Friday, April 10, 2009

Pastor porn case

Pastor Porn Case Raises Difficult Legal QuestionsBy Tasha KatesDaily ProgressMarch 30, 2009http://www.dailyprogress.com/cdp/news/local/crime/article/ pastor_porn_case_raises_difficult_legal_questions/37954/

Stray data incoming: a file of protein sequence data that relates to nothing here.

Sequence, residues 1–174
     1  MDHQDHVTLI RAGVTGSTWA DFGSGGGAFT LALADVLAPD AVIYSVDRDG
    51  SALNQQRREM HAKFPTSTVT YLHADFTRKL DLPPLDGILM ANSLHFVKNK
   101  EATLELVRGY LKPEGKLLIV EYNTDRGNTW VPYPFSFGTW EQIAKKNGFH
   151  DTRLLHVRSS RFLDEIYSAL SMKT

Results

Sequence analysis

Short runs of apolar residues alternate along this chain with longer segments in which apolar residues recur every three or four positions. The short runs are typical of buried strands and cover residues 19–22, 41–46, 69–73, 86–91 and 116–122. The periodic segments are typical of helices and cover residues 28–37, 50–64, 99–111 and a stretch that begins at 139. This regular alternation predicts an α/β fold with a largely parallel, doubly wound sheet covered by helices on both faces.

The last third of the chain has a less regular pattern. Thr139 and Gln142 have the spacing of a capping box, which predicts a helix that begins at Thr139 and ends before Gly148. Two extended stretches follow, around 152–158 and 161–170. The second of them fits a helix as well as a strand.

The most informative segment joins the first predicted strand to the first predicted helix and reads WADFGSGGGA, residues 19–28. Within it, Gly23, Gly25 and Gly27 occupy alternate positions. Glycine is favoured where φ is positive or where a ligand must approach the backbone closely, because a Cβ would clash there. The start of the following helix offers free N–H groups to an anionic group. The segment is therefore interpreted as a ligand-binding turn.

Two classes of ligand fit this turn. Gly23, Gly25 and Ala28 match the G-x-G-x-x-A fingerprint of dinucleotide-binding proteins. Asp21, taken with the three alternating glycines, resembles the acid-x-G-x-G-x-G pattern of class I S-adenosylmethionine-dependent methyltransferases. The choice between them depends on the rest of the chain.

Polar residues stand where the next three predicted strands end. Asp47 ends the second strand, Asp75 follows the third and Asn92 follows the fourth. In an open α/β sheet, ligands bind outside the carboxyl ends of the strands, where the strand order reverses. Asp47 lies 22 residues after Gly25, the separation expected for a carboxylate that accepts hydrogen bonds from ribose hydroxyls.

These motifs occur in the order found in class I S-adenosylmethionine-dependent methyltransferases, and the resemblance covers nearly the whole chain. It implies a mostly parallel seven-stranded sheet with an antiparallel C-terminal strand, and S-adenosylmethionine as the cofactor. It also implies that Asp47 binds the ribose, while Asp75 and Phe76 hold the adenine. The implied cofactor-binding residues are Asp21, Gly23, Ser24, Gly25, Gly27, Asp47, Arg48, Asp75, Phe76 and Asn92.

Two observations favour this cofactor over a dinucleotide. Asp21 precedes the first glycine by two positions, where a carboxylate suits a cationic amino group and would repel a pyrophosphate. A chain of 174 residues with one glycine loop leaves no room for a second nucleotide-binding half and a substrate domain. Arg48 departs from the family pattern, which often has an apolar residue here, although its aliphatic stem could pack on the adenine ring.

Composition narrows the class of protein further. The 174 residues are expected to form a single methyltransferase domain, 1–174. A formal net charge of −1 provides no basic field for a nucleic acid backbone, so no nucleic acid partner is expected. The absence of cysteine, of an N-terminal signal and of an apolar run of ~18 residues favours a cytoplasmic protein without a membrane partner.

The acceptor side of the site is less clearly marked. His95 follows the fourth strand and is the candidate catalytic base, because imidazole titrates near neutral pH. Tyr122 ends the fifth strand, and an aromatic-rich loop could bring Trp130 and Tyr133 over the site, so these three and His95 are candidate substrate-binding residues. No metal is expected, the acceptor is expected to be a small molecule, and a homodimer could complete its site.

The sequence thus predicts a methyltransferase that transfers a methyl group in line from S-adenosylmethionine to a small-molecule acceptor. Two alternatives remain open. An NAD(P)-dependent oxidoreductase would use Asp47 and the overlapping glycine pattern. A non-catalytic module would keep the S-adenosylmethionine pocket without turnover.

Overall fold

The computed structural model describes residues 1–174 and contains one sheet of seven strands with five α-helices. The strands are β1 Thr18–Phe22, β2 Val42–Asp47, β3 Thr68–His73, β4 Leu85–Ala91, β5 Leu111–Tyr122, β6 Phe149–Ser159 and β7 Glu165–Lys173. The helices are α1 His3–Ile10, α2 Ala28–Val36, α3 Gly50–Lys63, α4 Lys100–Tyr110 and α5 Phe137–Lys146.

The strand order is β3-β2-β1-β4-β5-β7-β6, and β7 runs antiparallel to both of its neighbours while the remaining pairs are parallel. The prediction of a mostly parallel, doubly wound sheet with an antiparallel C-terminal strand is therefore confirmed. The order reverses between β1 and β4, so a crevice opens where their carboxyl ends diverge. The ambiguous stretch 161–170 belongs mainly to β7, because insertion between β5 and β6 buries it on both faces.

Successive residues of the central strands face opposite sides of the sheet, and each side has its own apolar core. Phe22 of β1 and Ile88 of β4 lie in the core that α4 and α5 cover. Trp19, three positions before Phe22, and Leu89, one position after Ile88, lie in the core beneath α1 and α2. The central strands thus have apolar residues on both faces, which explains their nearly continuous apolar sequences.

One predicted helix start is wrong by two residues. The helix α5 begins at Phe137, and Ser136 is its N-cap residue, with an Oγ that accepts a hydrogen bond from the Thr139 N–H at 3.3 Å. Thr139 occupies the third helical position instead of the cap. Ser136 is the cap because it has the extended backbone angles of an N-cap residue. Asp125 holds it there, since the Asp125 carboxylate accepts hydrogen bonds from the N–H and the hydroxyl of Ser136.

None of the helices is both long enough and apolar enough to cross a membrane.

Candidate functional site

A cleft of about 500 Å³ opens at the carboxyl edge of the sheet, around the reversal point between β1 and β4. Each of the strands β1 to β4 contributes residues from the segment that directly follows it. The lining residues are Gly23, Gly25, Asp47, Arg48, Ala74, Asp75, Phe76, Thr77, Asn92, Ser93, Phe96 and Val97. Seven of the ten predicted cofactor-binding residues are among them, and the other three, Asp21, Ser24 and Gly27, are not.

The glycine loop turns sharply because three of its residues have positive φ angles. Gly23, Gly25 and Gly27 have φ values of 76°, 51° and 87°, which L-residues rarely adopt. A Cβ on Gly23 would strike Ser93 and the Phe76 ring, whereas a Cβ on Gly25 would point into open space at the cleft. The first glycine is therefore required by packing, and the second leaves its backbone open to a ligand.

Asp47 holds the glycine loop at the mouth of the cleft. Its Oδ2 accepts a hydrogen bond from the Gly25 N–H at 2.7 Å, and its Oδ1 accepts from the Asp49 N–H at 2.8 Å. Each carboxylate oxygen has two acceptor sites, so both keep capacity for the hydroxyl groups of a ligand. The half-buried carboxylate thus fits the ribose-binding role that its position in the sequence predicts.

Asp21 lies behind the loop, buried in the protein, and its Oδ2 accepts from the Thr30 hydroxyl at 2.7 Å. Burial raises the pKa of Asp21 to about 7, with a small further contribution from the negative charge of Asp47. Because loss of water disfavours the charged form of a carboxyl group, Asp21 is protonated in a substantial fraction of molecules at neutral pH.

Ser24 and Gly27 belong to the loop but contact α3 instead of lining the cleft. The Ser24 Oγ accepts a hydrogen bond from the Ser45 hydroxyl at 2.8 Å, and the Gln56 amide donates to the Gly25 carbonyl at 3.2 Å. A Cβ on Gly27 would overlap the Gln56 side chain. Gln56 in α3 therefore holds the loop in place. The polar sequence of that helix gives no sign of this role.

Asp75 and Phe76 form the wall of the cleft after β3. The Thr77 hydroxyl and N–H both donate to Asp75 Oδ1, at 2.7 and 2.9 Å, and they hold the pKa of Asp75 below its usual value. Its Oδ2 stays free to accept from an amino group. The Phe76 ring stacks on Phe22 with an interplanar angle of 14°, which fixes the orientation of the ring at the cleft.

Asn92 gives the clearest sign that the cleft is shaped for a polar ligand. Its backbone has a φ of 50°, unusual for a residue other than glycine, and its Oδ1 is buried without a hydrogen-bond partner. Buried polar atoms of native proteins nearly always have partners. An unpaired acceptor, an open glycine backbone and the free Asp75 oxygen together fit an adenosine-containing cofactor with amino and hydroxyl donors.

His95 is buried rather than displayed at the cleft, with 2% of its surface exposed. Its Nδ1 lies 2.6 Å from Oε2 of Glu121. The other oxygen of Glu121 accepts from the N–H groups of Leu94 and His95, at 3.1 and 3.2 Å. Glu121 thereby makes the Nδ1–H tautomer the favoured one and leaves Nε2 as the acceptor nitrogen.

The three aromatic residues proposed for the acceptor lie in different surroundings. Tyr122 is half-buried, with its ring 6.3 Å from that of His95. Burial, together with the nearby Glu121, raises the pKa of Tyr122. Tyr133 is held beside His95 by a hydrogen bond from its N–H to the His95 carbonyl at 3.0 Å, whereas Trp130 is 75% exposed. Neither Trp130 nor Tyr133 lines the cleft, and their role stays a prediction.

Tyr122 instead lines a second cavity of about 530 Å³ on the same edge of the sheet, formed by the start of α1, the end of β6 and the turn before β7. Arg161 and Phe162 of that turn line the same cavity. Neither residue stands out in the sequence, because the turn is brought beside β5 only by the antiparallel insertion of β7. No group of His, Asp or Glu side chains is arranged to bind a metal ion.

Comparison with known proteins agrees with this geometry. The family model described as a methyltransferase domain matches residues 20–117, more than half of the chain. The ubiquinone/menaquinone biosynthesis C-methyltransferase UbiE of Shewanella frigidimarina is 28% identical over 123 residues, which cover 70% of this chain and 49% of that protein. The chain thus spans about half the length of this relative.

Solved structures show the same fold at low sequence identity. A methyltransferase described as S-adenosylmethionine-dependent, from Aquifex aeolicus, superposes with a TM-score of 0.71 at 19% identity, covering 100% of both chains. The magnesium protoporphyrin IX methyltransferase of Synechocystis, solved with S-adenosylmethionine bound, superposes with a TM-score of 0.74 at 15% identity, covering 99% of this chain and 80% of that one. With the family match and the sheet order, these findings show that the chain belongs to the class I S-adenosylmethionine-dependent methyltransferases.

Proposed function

Nearly three years after being accused of possessing child pornography, a former pastor is scheduled to go to trial Tuesday in Albemarle County Circuit Court.For most of that time, lawyers have been dealing with questions about the age of the females in the images that authorities said they found on Gregory M. Briehl's computer in July 2006. An expert was brought in to try to identify their ages by sight, and the prosecution has tried to find out more information about the females in the images from an Australian Web site without success.On March 17, Circuit Judge Paul M. Peatross Jr. denied a motion to dismiss the charges filed by Briehl's attorney, Rhonda Quag-liana. The judge ruled that the prosecution "pursued reasonable efforts" to find the exculpatory evidence.Quagliana said she believes there is paperwork out there to prove that the models in the pictures are 18 or older."We have felt strongly from the beginning that there is material out there that would exonerate Mr. Briehl, and that we have throughout these proceedings insisted and encouraged and done everything we can to try to follow any leads and any information that might take us to that material," Quagliana said. "There is a legitimate issue of the age of the people depicted in these Web sites."During a motions hearing earlier this month, Assistant Commonwealth's Attorney Jon R. Zug said that the inconclusive age of the models in the pictures has complicated the issue."The reason we're having a trial is because we don't know who these people are," Zug said in court.Zug could not be reached for comment on this story. Commonwealth's Attorney Denise Lunsford declined to comment on the specifics of this case, but did say that about half of the child pornography cases that her office handles involve people who are not prepubescent. However, Lunsford said sometimes the girls depicted look older than their years despite being minors.DownloadedIn May 2006, authorities raided Briehl's Earlysville home and his Charlottesville-based First Stone Counseling Center for video equipment after getting a tip that he was filming guests at his home without their knowledge. Briehl was convicted of unlawful filming in September 2006 and sentenced to 60 days in jail.During that search, authorities said they found about 100 pornographic images that appeared to be of underage females. County police Detective Chuck Marshall has said Briehl told authorities that he liked to view images of girls who were between 14 and 17 years old.Briehl did not respond to an interview request for this story.The 15 indictments that Briehl is facing mostly involve images that came from an Australian Web site. A printed copy of the front page of that site filed in the court's records said it features models who are 18 and older. Users can submit their own images for the site to get a free membership, but the site said that it would be illegal to submit images of models under 18 years old.Under Title 18, section 2257 of the U.S. Code, pornography Web sites are required to maintain records on each performer featured on their site. That information must include the performer's age and legal and stage names.In his efforts to access those records, Zug contacted the Department of Justice's Child Exploitation and Obscenity Center. According to court records, a department employee told Zug that the Web site's registrant was listed as Rick Chant, who had a post office box in Herndon. In early September, an Albemarle circuit judge entered an order to compel the U.S. Post Office to reveal Chant's street address. Zug hand-delivered a subpeona to the Herndon location.The address came back as a regional office of Booz Allen Hamilton, a national consulting firm. A company employee confirmed last week that the office building and address were not shared with any other companies."Once that happened, I was at a dead end," Zug said in court during the March 9 hearing.During that hearing, Zug said in court that he requested assistance from the U.S. Attorney's Office and the state's Attorney General's Office. However, he doesn't have the power to make those agencies investigate, nor can he issue a subpeona outside of the state."I don't know what to do, judge," Zug said in court earlier this month. "I have done what is in my power to do, and what I know how to do."Forbidden imagesChild pornography has become more widespread because of the Internet. David Greenfield, a psychologist and director of the Center for Internet Behavior in Connecticut, said the Web has created a new marketplace with a large inventory and easy access.According to the U.S. Department of Justice's Bureau of Justice Statistics, the main sex exploitation offense prosecuted in federal courts in 1994 was sex abuse, which made up 73 percent of cases. By 2006, it had shifted to child pornography, which made up 69 percent of sex exploitation cases.Greenfield said child pornography usually is traded on the Internet between individuals. The inventory that is available may include some images that are decades old, but the pictures are difficult to date because there isn't any clothing to indicate when the picture when taken.The psychologist said there is a correlation between arousal from images of child pornography and a pedophiliac arousal pattern, although being aroused by the images doesn't necessarily mean the viewer is a pedophile. The Internet hasn't created new pedophiles, Greenfield said, but it can change a person's judgment and behavior when it comes to sexual behavior.Greenfield said that child pornography is very powerful, not unlike drugs."This information and these images are extremely powerful and psychoactive," he said. "They can be arousing even if you don't want them to be, and they can also be quite disturbing, especially if you have a history of being sexually abused."Greenfield said child pornography laws are about who looked at the images and not someone's status as a pedophile. The only way to tell if someone is a pedophile is through an evaluation, he said, which doesn't always happen during a child pornography case.In Virginia, a person convicted of possession of child pornography can face one to five years in prison. Greenfield said he's usually seen defendants get three to five years in prison per conviction."The question is, is it the most appropriate sentence for a person who has no prior history who downloaded some images and doesn't have a history of pedophilia or predatory behavior," Greenfield said. "Should you lock them up for five years? I don't know, I think it's extreme. On the other hand, the courts have no way of weeding out who is a predator and who is not."